Not that there’s anything wrong with this, if it’s what makes them happy, more power to them, however to many more, the underlying performance, safety, and functioning of the bike is far more beautiful than any paint, metal or cheaply chromed parts could ever be.

          • Anthony,
            Oddly enough I just did a test ride on a Spyder last week at a demo event. It wasn’t a bad ride at all, however it definitely isn’t something I’d be interested in riding long term at this point in my life, I live for lean angles… If it can’t do a 40+ degree lean without scraping anything, it’s utterly and completely useless for *ME*, although I know there are people who could care less about lean angle or going fast or responsive handling or braking or taking a long, smooth, quiet ride. My riding enjoyment isn’t any more important to the motorcycle industry or any other than those who’s bikes spend as much time at the dealer having chrome do-dads installed and replaced as they do riding them every time some charity event comes up where they can show off their sparkles.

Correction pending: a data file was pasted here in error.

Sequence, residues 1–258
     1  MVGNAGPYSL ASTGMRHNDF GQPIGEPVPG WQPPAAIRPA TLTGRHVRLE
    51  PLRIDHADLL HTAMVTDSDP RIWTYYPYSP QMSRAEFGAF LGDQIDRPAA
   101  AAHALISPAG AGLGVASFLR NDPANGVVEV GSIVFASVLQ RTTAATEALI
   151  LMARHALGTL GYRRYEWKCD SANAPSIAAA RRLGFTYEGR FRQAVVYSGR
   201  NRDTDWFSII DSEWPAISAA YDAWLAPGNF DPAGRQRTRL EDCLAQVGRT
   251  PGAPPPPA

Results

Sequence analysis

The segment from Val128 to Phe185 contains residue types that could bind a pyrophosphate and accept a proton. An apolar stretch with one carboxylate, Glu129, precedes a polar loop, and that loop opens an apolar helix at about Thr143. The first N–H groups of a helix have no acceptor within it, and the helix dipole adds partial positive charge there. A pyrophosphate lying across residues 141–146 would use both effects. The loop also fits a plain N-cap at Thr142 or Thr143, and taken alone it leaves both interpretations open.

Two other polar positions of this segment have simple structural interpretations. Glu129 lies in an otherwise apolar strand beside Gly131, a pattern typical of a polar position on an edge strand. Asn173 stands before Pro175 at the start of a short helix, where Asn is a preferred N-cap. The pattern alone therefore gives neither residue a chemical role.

I like to test ride everything I can… You can’t make comparisons of you don’t give everything a fair chance. I’ve even test ridden a couple of Harley’s at demo days. Gotta say the most comfortable seat I’ve ever been in (although only 30 minutes during a demo ride) was on a 2017 RG Special. For me, there wasn’t any other redeeming quality (for me), with the screaming eagle exhaust and air cleaner on the bike, but oh, that padded tractor seat was comfy.

          • Anthony,
            Your “oh so thoughtful” comments speak volumes about you.

            I would fathom to guess that you’ve actually used the phrase “If I have to explain it to you, you wouldn’t understand”?

            (Translation: “If I have to explain it to you, you’ll be waiting a long, long time, because I don’t have the mental faculties to produce a well thought-out, logical argument to support my position, so I’ll act like a 3rd grader and just resort to calling you names.”)

            When you resort to name calling, you’ve lost the argument.